I have one scrape in particular on my property that has been there longer than I have owned the place. That’s over 9 years! Unfortunately, the hedge tree that it is under has seen better days. The licking branch has begun to die, and it keeps getting broken off higher from the ground. 

Last spring, I went in and used a length of jute rope and tied it off to a higher branch for the deer to start using in place of the natural licking branch, and it worked like a charm. 

5 Ways To Funnel Deer Past Your Stand

Making Mock Scrapes

When it comes to making mock scrapes, location is by far the most important factor. You can’t create a mock scrape where deer don’t want to go and expect to get good results. I focus on areas that already have a relatively high concentration of deer movement such as food plots, pinch points, funnels that lead to and from food and/or bedding, etc. 

One of my favorite areas to place mock scrapes is along the downwind side of known doe bedding areas. These locations can be dynamite during the rut when bucks are cruising. 

Once you find the right location, there are many ways to make the actual mock scrape. I have used rope, grapevines, existing branches, and even cutting and relocating branches. The key to it is to place them right in the deer’s face and make them stick out. 

Even though mock scrapes are for scent communication, the visual appeal is important. If the buck can’t smell it, he needs to see it. I prefer using rope because I have found it to last longer than most other options and it does a great job of holding scent. 

I will normally hang a 3’ length of jute or hemp rope that is 1” in diameter, by attaching it to a branch with paracord. Ideally the bottom of the rope should be approximately 48” off the ground, any lower and you run the risk of raccoons trying to hang from it, and any higher, the fawns struggle to reach it without standing on their hind legs. 

Once hung, I use a quality pre-orbital scent on the rope. Keep in mind that there are lots of different scents available, and some don’t make sense to use on the rope/licking branch. A urine-based scent such as doe in estrous or buck tarsal scent won’t naturally be found on a licking branch, unless deer stand upside down and pee in the air!

5 Reasons You Should Start A Mock Scrape Now

How I Use Mock Scrapes

Alright, now what you have all been waiting for. What is it that I do differently than most when it comes to mock scrapes? Really there are only two things that I feel set me apart from most. 

First, I use mock scrapes to encourage buck movement by mimicking what occurs naturally, and that is scrape lines. It’s no secret that bucks will develop scrape lines along their travel routes, so I do the same with my mock scrapes. 

This technique is especially effective when designing or making improvements to a property. For example, I created a food plot on my property along the North side of my sanctuary, and the first thing I did after the food plot was completed was to create a mock scrape line leading to and from that food plot.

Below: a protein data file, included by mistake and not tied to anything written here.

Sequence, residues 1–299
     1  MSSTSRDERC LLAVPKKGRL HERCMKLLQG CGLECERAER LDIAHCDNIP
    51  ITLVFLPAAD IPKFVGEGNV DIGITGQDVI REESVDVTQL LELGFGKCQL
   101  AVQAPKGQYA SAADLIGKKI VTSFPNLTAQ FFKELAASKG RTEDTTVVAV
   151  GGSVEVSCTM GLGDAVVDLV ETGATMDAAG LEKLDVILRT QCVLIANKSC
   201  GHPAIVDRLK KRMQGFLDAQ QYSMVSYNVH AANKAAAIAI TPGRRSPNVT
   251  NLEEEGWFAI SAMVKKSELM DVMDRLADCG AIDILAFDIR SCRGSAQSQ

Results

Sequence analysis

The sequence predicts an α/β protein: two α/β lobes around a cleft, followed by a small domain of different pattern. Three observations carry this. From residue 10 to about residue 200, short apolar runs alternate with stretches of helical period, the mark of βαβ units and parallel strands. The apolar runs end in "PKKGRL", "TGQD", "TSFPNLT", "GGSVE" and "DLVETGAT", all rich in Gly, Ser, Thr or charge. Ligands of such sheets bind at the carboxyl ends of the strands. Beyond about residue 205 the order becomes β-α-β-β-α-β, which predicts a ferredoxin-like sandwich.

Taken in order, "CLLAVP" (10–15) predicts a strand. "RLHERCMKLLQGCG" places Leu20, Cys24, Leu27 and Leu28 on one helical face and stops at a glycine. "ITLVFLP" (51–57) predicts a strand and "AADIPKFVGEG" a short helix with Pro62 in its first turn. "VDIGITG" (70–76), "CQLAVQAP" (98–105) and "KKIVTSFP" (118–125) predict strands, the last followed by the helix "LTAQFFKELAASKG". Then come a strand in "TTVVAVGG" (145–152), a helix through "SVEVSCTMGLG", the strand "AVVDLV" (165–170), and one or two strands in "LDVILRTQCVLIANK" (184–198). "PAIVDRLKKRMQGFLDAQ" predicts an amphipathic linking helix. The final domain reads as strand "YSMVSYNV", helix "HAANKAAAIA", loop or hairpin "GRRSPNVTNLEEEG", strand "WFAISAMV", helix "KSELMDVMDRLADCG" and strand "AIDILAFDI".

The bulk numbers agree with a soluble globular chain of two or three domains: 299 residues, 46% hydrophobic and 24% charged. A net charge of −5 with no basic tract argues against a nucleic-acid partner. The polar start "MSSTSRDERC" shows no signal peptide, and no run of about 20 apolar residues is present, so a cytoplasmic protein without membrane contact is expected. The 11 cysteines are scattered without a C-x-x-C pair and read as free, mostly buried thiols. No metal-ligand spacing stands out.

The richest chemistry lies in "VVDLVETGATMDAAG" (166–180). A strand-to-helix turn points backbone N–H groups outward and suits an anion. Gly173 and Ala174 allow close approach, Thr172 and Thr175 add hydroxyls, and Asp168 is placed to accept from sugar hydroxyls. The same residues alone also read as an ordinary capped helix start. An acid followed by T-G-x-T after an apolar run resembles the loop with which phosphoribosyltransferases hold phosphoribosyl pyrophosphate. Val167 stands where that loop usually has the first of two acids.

5 Reasons You Should Start A Mock Scrape Now

I created 5 mock scrapes along a +/- 100-yard-long route that ran directly through that food plot, and the bucks have taken it over and actually extended the scrape line each direction. Prior to this, there was never a scrape along that route since owning the property.

Now it is a regular cruising route that has offered many great hunting opportunities as well as some great trail camera photos/videos. I did the same thing on the South side of my sanctuary several years ago and had similar results. That mock scrape line has been the demise of several mature bucks over the years.

The second technique I use is that I keep my mock scrapes going year-round. I don’t take them down or abandon them during the off-season, I will periodically freshen them up with scent so that deer continue to interact with them throughout the spring and summer. 

By doing this, I have been able to create annual patterns for bucks that are very consistent. I harvested a great 4-5 year old buck in 2022 as he was coming towards me working the scrape line that I had created. 

I had pictures of that buck the year before working those scrapes all through the summer and fall, and that pattern continued into 2022. Unfortunately, I made a poor shot and was unable to recover the buck until some time later. 

Conclusion

Mock scrapes are an often-underutilized tool that can produce excellent results if used properly. Don’t be afraid to experiment with them and try new things, you may be surprised at the results. 

The key to success with mock scrapes is to mimic nature as closely as possible but place the mock scrapes in a manner that benefit you

David Butler
David Butler is a Marine Corps veteran and a lifelong hunter. He lives in Normal, Illinois with his wife and son. David enjoys all things outdoors, with an emphasis on land management, deer hunting, and time spent afield with his family.